This resulted in administrative access to the web application, which provided enough functionality to achieve a reverse shell back from the underlying server and eventual compromise of the user database. Additionally, both password reuse and file-system artifacts left behind by system administrators contributed to full ownership of the target organization’s Active Directory domain in a later phase, none of which would have been discovered had the engagement persisted as a pure vulnerability assessment and the associated findings remained in contention.

  

The Risk Perspective

There are certainly potential risks posed by vulnerability assessments and penetration tests alike. However, the range of acceptable risk can vary greatly between the two. For example, a physical vulnerability assessment might find that a glass-paned exterior door presents an easy bypass to a keycard-based access mechanism. A penetration test of the same location might (at least in theory) result in breaking the glass in order to achieve access to the building, potentially exposing the tester and bystanders to risk presented by the broken glass, as well as the damage to the door itself.

Here’s a more technical and less contrived example:

A vulnerability assessment of an organization’s network includes identifying hosts and their associated operating system versions. Discovery of Linux kernel version 3.8, for example, might indicate the presence of the Dirty COW privilege escalation vulnerability, allowing standard users to elevate to root privileges. Discovering this system and estimating its kernel version did not necessarily introduce a great deal of risk, but even this type of automated scanning can be hazardous to legacy systems, under-resourced hosts, or those with either custom or deprecated networking stacks unequipped to handle the amount of traffic generated by automated scanning.

Attempted exploitation of kernel vulnerabilities such as this can be a different story, though. Exploiting Dirty COW specifically is a notoriously unstable process (especially when associated exploits were first released) and crashing target systems can be common. Additionally, many exploit methods are probabilistic in nature and might require a handful of attempts before achieving the desired result, each of which introduces the potential for unintended consequences.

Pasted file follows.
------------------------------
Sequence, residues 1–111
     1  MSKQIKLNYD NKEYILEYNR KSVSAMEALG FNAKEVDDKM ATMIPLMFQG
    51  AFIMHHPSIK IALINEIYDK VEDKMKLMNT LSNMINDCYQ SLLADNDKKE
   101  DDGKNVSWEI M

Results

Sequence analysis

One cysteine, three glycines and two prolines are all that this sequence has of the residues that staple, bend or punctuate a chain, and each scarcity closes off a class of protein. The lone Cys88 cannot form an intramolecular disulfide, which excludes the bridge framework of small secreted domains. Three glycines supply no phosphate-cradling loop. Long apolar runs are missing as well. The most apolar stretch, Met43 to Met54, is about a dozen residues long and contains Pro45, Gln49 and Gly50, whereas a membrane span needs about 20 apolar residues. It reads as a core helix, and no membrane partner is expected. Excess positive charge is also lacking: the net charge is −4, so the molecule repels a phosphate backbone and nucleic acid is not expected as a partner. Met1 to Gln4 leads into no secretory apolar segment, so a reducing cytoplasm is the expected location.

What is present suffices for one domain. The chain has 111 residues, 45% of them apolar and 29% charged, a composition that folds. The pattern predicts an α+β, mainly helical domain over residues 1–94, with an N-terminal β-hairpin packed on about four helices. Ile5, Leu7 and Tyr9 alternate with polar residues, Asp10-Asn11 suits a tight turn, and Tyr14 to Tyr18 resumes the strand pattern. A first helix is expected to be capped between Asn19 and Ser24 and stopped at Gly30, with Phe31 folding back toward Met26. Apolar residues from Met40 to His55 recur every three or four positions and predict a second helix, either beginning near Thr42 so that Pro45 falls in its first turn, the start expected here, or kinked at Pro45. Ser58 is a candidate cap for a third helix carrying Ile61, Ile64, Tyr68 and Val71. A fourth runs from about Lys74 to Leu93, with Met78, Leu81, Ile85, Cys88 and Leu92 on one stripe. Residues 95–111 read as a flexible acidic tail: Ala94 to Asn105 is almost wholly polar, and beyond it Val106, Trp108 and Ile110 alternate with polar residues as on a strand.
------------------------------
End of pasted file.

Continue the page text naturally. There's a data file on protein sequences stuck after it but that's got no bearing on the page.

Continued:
Full Disclosure: Qualified security professionals understand the risks associated with vulnerability assessments, penetration testing, and other activities. Appropriate steps are always taken to outline risks, mitigate where possible, and approximate production systems where appropriate. However, these risks can never be eliminated entirely.

 

Which Do You Need? 

The answer here largely depends on how mature the security program is within your organization. For example, my least favorite engagements are when we perform penetration tests for clients who have not yet implemented even the most basic security controls.

Is it fun to pwn an easy target? Maybe the first dozen times. But eventually you start to think of how to provide the most value and wonder whether patch management would be a better use of the funds than showing you can exploit MS08-067 in 2019.

In these cases, a thorough vulnerability assessment can be helpful to establish a starting baseline of what exists in the environment and the associated work to be done (#KnowThyNetwork). However, it is not a perfect world and targeted exploitation of findings might be required in order to build the support, attention, and funding required to implement a comprehensive approach to security. We will gladly oblige and hack all the things in these cases. Later we will cover more advanced exploitation services – such as Red Teaming – which offer a fantastic way of stress-testing mature security programs by simulating real-world attack techniques in a prolonged live-exercise.

Jason Nickola

Jason Nickola

Director of Technical Services, Senior Security Consultant